The first season of Holliston is a strange combination of horror cheesiness and quirky humor, set within the confines of a traditional sitcom. The driving force behind Holliston is Adam Green, a minor horror auteur mostly known for his feature films, Hatchet and Frozen. He stars as the lead character in Holliston, while also handling the writing and directing duties. It’s a challenge he mostly pulls off, though its comedic material is so narrowly focused that many will miss its charms. The show was produced for broadcast on the niche horror cable channel, FEARnet.
Holliston as a concept is so old that Green originally sold it to UPN, a defunct network. Set in Holliston, Massachusetts, the series has a basic sitcom framework. Adam Green and his good friend, Joe Lynch (another veteran of the horror genre), live together as aspiring horror movie directors. To make ends meet, they work for the local cable access station under their boss, Lance Rockett, played as an aging Rock-lover by Twisted Sister’s Dee Snyder. The two friends have their own low-budget cable show with “The Movie Crypt,” a talk show devoted to horror movies.
Rounding out the main cast are Joe’s girlfriend, Laura Ortiz, and Adam’s ex-girlfriend which he constantly pines for, Corri English. Breaking out of the regular sitcom mold, Adam has an imaginary friend that occasionally shows up to provide him advice, Oderus Urungus. Oderus is an odd character that appears as a monster dressed like an Oakland Raiders’ fan, in full battle gear.
All of the characters are funny and likable, though some of the sitcom conventions tend to drag the comedic potential into the ground. The laugh track, more obnoxious here than anything I’ve seen made in the past three decades of television, is a send-up of older shows. The funniest bits are all grounded in knowing a respectable level of information and trivia about horror movies. There are a number of cameos from minor celebrities in the genre and one episode is entirely built around the antics of Tony Todd, the star of such films as Candyman. It is the funniest episode from the first season, but I am not sure how funny it would be to someone unfamiliar with Tony Todd’s long career in horror.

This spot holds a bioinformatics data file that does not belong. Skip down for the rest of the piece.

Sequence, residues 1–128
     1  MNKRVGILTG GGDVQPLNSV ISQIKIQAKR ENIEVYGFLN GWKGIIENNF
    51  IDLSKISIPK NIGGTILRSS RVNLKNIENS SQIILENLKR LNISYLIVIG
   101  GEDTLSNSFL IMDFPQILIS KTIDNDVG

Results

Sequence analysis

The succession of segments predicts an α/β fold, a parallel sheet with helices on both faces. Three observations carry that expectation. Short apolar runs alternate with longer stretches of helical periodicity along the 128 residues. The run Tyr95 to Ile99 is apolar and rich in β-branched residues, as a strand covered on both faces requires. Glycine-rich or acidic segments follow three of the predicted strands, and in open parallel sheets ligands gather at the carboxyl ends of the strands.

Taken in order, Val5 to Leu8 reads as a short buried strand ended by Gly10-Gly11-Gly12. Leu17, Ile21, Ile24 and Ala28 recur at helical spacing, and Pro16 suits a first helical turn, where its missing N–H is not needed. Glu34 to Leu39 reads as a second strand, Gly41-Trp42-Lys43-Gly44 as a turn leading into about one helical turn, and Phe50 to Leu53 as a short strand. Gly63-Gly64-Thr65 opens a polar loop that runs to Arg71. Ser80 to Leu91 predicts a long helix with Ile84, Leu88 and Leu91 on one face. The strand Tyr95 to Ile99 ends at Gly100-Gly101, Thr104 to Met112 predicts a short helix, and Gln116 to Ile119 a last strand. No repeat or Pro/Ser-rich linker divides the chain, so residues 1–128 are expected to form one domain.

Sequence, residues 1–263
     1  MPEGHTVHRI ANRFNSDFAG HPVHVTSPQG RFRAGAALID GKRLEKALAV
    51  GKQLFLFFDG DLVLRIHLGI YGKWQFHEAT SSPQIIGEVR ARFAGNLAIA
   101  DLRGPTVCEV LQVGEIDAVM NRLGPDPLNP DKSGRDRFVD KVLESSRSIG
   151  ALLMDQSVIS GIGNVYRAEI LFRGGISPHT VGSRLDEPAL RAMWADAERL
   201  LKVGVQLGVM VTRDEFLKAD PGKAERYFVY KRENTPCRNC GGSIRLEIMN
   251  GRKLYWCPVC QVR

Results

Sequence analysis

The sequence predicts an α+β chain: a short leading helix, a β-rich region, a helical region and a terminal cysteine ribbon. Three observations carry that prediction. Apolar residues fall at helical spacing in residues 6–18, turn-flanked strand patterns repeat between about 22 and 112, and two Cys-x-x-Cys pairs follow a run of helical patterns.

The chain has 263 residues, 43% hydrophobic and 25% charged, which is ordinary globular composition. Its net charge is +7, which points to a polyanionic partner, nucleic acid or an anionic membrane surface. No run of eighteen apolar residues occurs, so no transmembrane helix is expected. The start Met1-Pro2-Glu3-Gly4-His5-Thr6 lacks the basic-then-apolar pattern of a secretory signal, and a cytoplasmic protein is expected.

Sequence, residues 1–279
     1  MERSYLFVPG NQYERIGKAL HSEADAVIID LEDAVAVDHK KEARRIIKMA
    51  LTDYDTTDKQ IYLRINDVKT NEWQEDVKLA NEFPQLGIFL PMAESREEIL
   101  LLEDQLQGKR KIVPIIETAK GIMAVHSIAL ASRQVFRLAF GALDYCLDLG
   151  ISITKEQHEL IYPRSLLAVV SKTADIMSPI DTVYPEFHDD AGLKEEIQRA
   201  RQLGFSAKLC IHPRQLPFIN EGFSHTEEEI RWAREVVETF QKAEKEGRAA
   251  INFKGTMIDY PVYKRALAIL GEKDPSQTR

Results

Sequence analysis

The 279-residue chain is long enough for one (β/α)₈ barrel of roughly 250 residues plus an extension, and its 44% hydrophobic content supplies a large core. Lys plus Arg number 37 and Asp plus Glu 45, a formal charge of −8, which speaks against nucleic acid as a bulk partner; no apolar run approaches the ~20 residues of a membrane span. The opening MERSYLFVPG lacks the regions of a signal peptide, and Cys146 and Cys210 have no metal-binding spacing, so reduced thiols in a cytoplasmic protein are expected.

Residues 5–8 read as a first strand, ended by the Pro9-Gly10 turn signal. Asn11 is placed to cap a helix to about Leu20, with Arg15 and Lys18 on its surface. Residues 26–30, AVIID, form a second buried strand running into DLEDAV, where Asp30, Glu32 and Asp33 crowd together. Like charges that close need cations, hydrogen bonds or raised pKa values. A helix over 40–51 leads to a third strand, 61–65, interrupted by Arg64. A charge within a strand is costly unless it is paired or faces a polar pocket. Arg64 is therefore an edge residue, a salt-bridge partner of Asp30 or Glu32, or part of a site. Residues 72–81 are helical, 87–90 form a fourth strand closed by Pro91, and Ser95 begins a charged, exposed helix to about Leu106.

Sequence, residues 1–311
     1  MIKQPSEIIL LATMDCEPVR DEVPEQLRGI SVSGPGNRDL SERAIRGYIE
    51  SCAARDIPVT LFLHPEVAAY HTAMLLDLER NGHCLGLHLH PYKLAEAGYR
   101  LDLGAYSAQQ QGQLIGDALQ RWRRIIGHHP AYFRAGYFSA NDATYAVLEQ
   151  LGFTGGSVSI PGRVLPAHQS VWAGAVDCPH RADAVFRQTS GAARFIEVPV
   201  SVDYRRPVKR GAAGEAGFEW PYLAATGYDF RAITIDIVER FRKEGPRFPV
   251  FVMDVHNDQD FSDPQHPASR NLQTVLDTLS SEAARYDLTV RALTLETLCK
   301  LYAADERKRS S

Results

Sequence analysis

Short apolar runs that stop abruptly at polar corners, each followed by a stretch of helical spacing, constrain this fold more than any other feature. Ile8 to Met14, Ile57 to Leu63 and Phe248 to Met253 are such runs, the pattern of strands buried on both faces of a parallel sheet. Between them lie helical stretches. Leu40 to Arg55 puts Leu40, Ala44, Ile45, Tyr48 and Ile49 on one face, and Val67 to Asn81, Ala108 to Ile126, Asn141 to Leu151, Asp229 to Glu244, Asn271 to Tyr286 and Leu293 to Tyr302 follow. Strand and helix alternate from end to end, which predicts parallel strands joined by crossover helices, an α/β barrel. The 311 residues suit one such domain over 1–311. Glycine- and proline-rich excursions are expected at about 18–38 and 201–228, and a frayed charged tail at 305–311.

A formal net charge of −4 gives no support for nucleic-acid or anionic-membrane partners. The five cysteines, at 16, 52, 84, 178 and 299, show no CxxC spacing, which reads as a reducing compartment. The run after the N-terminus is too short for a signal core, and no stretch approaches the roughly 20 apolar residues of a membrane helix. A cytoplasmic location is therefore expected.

Holliston is a crazy, over-the-top sitcom that revels in its low-budget production, often breaking the fourth wall and stepping out of character on the show. It has a manic energy and Laura Ortiz delivers most of the best lines as the slightly insane, devoted girlfriend. The show does have a heart at its core, as this first season is built around Adam’s romantic pursuit of Corri, who simply wants to remain friends with Adam after breaking up with him three years ago. Much of the humor is slapstick and gross-out in nature, so fans of the Farrelly brothers should know what to expect from Holliston. It’s crude at times and some of the comedic acting could be better, but Holliston makes for decent entertainment for the appropriate audience.
The first season of Holliston was shot using extremely pristine digital video, using RED cameras. It has a clean, anti-septic appearance so common to modern digital shooting. The six episodes, totaling 223 minutes, are included on a BD-50 at moderate video bitrates. The AVC video encode handles the clean video footage without a hitch or artifacting. Holliston is presented at a resolution of 1080p, in its native aspect ratio of 1.78:1.